This article originally ran on Rice Business Wisdom and was based on research from Minjae Kim, assistant professor of organizational behavior at Rice University Jones Graduate School of Business, and Ezra Zuckerman Sivan, the Alvin J. Siteman (1948) Professor of Strategy and Entrepreneurship at MIT Sloan School of Management.

Trending News



A research team housed out of the newly launched Rice Biotech Launch Pad received funding to scale tech that could slash cancer deaths in half. Photo via Rice University

A research funding agency has deployed capital into a team at Rice University that's working to develop a technology that could cut cancer-related deaths in half.

Rice researchers received $45 million from the National Institutes of Health's Advanced Research Projects Agency for Health, or ARPA-H, to scale up development of a sense-and-respond implant technology. Rice bioengineer Omid Veiseh leads the team developing the technology as principal investigator.

“Instead of tethering patients to hospital beds, IV bags and external monitors, we’ll use a minimally invasive procedure to implant a small device that continuously monitors their cancer and adjusts their immunotherapy dose in real time,” he says in a news release. “This kind of ‘closed-loop therapy’ has been used for managing diabetes, where you have a glucose monitor that continuously talks to an insulin pump. But for cancer immunotherapy, it’s revolutionary.”

Joining Veiseh on the 19-person research project named THOR, which stands for “targeted hybrid oncotherapeutic regulation,” is Amir Jazaeri, co-PI and professor of gynecologic oncology at the University of Texas MD Anderson Cancer Center. The device they are developing is called HAMMR, or hybrid advanced molecular manufacturing regulator.

“Cancer cells are continually evolving and adapting to therapy. However, currently available diagnostic tools, including radiologic tests, blood assays and biopsies, provide very infrequent and limited snapshots of this dynamic process," Jazaeri adds. "As a result, today’s therapies treat cancer as if it were a static disease. We believe THOR could transform the status quo by providing real-time data from the tumor environment that can in turn guide more effective and tumor-informed novel therapies.”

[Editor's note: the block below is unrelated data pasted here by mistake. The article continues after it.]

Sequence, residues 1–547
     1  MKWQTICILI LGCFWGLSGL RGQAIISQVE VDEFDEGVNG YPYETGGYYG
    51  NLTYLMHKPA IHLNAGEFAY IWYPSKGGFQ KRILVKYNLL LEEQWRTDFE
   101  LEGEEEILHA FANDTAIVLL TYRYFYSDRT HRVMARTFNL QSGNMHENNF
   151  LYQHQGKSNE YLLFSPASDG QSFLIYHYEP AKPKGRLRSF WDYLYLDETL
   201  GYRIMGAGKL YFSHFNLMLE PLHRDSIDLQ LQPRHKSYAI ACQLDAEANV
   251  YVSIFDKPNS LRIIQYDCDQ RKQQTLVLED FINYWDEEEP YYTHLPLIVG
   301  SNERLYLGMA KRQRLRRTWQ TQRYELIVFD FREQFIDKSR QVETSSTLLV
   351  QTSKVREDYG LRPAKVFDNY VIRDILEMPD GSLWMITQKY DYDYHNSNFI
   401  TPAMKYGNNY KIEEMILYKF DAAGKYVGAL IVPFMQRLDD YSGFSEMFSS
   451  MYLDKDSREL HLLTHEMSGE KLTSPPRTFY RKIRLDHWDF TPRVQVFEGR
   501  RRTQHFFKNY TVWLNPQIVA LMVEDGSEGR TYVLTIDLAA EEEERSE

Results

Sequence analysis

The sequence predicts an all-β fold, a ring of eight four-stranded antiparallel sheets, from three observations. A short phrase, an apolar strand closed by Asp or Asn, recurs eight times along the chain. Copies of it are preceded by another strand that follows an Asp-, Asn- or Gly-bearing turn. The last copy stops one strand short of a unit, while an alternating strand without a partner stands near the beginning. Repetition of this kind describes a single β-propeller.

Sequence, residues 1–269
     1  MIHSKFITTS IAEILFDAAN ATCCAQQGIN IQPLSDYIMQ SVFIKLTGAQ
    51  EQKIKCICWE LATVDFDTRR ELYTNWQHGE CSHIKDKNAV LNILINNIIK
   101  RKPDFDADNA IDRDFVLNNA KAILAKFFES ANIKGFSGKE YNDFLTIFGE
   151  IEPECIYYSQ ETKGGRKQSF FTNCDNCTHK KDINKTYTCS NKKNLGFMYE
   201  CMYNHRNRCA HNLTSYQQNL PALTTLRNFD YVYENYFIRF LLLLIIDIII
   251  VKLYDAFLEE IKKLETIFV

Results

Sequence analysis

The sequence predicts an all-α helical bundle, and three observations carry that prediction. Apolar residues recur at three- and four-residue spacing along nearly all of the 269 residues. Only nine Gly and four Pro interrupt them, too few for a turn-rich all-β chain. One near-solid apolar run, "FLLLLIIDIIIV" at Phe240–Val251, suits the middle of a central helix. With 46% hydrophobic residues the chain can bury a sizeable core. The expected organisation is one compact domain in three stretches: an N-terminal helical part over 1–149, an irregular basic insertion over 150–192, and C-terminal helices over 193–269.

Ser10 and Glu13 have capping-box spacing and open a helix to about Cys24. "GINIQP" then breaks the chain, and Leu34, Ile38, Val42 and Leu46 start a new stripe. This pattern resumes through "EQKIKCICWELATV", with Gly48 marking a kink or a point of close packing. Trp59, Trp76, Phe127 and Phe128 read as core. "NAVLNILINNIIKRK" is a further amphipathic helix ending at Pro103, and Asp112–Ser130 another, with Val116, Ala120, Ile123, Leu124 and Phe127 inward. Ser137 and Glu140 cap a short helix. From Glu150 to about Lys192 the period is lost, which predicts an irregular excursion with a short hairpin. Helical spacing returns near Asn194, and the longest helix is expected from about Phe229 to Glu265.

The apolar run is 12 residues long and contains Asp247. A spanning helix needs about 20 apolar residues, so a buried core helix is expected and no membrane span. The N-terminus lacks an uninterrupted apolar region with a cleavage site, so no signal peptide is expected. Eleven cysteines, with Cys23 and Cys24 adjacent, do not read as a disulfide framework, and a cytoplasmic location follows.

With a national team of engineers, physicians, and experts across synthetic biology, materials science, immunology, oncology, and more, the team will receive its funding through the Rice Biotech Launch Pad, a newly launched initiative led by Veiseh that exists to help life-saving medical innovation scale quickly.

"Rice is proud to be the recipient of the second major funding award from the ARPA-H, a new funding agency established last year to support research that catalyzes health breakthroughs," Rice President Reginald DesRoches says. "The research Rice bioengineer Omid Veiseh is doing in leading this team is truly groundbreaking and could potentially save hundreds of thousands of lives each year. This is the type of research that makes a significant impact on the world.”

The initial focus of the technology will be on ovarian cancer, and this funding agreement includes a first-phase clinical trial of HAMMR for the treatment of recurrent ovarian cancer that's expected to take place in the fourth year of THOR’s multi-year project.

“The technology is broadly applicable for peritoneal cancers that affect the pancreas, liver, lungs and other organs,” Veiseh says. “The first clinical trial will focus on refractory recurrent ovarian cancer, and the benefit of that is that we have an ongoing trial for ovarian cancer with our encapsulated cytokine ‘drug factory’ technology. We'll be able to build on that experience. We have already demonstrated a unique model to go from concept to clinical trial within five years, and HAMMR is the next iteration of that approach.”

Trending News